Emmy winner Jeremy Strong proves his muscle as an actor in every episode of the HBO series Succession. The actor is intensely dedicated to his craft, as he and many of his current and former castmates have disclosed. He has very particular ways of getting into character, including looking at images of plane crashes for a scene about something completely different.
Jeremy Strong works hard to get into character
Though Strong doesn’t consider himself a method actor, he admires famed method actor Daniel Day-Lewis, to whom he was an assistant in 2005.
“I had always had a predilection towards that, but seeing the level of Daniel’s commitment, his courageousness, his willingness to make a fool of himself – that had a profound and formative effect on me,” he told The Guardian.
On the Succession set, this means that Strong behaves with the same quiet, somewhat shaky intensity of his character, Kendall. He also tries to separate himself from the other actors, particularly Brian Cox, who plays his father. Strong wants to be able to accurately capture their fraught relationship.
“We have very different processes, and he tolerates me and I have inestimable respect for him. But I prefer to keep him in his corner and I stay in mine so we can meet in the ring,” he said. “It harms my sense of the dynamic when it’s so frictionless and warm between us. That bonhomie doesn’t serve the work.”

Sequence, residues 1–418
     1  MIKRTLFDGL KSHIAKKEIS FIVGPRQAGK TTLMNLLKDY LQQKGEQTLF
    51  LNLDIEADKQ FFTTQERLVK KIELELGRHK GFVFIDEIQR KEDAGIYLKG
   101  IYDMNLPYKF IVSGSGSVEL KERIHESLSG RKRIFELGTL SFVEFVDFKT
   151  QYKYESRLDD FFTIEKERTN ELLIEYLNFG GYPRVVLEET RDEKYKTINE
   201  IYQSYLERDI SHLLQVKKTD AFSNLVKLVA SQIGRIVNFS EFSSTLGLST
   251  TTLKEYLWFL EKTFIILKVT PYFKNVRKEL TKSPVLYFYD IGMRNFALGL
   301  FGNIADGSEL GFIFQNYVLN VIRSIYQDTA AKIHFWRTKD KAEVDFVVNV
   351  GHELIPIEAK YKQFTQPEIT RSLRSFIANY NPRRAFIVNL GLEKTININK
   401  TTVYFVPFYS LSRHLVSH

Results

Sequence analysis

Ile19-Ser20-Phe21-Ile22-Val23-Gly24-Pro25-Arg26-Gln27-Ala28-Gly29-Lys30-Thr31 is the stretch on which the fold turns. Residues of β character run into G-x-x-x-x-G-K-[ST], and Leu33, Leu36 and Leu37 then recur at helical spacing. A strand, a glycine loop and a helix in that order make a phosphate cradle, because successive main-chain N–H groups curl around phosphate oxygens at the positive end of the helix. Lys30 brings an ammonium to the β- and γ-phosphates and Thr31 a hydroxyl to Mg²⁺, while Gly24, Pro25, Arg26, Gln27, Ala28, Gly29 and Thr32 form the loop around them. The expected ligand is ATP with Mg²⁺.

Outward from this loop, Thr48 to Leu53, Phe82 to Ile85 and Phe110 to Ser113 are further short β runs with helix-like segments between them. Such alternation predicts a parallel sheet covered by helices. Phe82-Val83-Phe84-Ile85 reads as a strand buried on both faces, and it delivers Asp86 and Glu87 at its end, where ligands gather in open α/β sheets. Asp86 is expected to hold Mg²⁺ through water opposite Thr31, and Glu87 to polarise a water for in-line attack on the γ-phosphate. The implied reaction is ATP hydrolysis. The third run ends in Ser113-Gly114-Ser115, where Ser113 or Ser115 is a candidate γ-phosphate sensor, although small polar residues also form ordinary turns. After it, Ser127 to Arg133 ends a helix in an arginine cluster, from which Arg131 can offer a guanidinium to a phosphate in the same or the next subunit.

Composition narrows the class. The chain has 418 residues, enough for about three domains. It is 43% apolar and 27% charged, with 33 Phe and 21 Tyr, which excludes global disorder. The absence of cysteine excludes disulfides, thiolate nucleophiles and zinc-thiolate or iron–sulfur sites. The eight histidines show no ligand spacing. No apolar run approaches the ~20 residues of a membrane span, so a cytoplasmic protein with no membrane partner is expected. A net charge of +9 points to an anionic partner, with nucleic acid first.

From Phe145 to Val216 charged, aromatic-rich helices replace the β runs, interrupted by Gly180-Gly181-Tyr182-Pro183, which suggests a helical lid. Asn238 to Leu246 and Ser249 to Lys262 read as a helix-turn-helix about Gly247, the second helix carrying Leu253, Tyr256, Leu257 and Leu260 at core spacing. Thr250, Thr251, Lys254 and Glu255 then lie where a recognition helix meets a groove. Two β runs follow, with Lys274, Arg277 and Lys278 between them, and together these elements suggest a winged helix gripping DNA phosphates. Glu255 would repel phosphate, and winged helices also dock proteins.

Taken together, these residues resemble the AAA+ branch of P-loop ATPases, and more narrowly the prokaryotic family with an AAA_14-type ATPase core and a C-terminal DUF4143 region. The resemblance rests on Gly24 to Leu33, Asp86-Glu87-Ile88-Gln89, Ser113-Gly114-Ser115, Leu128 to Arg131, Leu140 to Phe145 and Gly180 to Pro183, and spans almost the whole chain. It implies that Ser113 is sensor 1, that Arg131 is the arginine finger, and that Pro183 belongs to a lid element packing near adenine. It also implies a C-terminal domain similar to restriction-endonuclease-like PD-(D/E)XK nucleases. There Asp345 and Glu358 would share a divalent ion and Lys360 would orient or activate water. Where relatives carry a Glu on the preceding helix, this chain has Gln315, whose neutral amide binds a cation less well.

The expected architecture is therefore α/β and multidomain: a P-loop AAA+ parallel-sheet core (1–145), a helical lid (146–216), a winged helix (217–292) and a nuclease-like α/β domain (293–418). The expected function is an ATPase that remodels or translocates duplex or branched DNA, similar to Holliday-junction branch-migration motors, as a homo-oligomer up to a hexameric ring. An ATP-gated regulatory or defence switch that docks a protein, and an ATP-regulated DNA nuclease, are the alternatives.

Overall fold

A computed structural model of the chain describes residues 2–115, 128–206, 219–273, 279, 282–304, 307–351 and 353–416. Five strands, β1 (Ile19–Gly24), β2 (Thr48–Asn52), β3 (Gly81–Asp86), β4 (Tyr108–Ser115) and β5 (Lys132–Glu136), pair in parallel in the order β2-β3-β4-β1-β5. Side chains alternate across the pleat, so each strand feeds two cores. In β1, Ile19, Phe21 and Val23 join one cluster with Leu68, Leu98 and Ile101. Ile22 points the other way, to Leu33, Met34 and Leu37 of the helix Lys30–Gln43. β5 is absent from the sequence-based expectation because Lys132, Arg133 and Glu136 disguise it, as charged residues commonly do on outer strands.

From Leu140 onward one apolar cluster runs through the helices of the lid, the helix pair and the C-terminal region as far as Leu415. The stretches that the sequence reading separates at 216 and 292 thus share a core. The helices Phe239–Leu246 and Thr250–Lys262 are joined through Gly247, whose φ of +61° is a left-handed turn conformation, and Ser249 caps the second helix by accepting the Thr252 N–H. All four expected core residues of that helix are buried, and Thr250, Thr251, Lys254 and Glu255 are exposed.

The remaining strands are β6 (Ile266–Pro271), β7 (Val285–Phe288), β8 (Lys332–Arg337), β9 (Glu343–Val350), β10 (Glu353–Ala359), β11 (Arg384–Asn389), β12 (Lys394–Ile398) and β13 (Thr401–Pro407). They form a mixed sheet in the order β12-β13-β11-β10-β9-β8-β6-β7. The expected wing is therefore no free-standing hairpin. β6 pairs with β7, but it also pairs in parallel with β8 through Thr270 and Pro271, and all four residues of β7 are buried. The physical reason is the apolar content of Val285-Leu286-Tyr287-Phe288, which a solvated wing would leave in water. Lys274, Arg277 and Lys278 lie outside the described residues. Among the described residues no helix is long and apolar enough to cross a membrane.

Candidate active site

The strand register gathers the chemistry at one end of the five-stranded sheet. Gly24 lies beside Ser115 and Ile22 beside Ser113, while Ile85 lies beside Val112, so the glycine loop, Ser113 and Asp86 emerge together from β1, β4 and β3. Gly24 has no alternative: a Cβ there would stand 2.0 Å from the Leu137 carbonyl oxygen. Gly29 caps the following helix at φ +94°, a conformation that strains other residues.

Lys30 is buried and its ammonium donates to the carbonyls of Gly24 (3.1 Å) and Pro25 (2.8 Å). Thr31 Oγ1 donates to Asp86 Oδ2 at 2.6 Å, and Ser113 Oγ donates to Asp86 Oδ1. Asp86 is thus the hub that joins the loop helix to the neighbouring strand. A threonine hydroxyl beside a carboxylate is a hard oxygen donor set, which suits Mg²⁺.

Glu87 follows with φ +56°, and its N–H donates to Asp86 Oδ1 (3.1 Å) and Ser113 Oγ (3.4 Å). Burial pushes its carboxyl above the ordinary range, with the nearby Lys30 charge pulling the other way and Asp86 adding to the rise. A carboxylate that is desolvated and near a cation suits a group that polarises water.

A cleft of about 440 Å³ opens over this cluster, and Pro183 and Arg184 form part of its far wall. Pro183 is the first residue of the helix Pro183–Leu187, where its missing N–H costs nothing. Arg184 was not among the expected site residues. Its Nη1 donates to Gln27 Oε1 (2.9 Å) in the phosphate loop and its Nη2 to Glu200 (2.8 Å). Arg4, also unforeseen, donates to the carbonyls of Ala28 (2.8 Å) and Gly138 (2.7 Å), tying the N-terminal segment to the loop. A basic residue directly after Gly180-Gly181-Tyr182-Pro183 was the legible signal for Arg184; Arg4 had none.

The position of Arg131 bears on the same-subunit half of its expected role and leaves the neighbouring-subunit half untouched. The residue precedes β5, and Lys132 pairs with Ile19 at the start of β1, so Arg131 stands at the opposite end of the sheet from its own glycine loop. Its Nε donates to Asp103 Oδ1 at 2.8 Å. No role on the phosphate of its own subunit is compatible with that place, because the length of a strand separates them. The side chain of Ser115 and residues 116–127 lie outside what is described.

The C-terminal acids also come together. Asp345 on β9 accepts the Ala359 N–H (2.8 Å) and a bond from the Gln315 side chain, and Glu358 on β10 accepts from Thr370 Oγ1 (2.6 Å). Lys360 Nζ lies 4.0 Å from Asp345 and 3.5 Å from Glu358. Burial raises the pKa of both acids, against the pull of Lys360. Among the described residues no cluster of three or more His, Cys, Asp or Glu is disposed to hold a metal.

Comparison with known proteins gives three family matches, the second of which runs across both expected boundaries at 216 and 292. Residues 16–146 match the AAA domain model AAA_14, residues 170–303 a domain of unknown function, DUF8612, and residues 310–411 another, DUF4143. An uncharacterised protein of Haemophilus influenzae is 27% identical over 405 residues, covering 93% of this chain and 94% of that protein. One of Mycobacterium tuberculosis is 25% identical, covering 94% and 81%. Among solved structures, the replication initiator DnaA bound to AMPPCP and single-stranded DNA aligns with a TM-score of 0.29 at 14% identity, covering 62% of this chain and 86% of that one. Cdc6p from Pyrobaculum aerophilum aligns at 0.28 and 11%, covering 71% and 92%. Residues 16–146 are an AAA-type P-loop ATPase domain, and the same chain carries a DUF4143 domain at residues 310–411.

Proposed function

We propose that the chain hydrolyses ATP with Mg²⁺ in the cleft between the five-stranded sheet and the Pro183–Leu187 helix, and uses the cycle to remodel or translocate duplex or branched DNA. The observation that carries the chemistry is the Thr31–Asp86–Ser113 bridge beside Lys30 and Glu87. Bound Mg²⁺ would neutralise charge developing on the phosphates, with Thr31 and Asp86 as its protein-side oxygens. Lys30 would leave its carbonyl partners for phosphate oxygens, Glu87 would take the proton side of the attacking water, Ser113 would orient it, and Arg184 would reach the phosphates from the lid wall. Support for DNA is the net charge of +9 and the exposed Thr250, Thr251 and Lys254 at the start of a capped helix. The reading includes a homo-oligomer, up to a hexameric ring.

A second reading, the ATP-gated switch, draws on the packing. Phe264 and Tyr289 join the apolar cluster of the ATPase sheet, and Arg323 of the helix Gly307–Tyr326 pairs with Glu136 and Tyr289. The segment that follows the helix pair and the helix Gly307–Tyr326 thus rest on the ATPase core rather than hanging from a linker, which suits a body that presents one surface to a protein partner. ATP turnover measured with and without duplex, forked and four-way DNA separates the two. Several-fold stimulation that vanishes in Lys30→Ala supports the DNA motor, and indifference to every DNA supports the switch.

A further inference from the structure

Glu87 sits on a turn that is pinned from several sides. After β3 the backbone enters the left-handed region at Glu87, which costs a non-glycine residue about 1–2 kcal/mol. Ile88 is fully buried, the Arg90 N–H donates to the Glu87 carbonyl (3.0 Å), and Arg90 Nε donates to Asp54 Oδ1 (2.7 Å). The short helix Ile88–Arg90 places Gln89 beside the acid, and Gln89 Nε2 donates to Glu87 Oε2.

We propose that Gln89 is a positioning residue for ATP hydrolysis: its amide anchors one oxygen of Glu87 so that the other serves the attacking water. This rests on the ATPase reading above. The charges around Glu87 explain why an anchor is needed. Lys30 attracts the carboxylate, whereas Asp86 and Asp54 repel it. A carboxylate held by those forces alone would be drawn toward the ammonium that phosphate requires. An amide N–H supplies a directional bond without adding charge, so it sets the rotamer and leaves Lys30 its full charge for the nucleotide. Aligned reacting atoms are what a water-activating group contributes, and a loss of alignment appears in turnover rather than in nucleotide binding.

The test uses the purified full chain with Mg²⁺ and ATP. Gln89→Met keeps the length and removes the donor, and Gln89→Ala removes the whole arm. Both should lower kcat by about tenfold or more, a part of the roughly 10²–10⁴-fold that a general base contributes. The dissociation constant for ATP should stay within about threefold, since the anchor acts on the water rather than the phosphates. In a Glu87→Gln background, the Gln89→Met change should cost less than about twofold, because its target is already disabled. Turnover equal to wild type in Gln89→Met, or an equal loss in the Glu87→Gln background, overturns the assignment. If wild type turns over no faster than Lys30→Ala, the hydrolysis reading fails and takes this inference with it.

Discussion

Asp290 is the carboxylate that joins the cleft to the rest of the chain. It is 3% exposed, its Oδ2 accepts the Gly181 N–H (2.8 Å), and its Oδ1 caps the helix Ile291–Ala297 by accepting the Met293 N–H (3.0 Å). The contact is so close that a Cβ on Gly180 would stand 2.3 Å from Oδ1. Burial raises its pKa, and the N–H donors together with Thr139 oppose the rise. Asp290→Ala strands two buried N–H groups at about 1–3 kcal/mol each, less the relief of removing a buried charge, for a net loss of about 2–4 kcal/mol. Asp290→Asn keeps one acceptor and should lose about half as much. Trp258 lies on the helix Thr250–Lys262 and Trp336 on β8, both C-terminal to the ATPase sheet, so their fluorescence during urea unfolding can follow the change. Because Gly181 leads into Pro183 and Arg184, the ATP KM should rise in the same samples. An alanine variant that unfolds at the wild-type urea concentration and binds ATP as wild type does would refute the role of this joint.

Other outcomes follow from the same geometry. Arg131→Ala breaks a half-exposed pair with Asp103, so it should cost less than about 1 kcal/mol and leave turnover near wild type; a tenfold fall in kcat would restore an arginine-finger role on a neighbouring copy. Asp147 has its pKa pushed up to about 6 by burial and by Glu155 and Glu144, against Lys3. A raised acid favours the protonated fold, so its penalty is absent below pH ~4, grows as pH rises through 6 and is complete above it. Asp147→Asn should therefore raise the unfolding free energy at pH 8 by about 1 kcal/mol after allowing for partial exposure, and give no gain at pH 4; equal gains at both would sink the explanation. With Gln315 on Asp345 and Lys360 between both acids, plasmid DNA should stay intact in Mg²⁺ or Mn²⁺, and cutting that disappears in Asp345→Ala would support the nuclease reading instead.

Jeremy Strong’s ‘The Big Short’ castmates noticed his intensity
“If Kendall is in a really good place, then Jeremy is in a much more, sort of like, ‘we’re gonna be-bop and scat the scene,’ kind of thing,” Culkin said. “And if Kendall is in a dark place, then it’s very much, ‘don’t talk to him.’”
His co-star on The Big Short, Rafe Spall, also took note of Strong’s focused preparation methods.
“When we were filming the scene when we discover that Bear Stearns has tanked, Jeremy was sitting next to me and I saw he was looking at his phone a lot,” he explained. “I asked what he was looking at and he said, ‘Pictures of plane crashes.’ He told me they put him ‘in the right place.’”
Not all of Strong’s preparation is so intense
Though his co-stars have noted his brooding preparation, not all of Strong’s methodology is this way. Kendall, who’s a tortured son and family black sheep, necessitates the gloomy approach. With other roles, it isn’t the best way to prepare. For example, in The Trial of the Chicago 7, Strong took a more relaxing approach to his role as activist Jerry Rubin.
He prepared for the part by “taking all these gummies [edible cannabis], going to Lincoln Park Zoo in Chicago and listening to the Grateful Dead. It was a palate cleanser after Kendall.”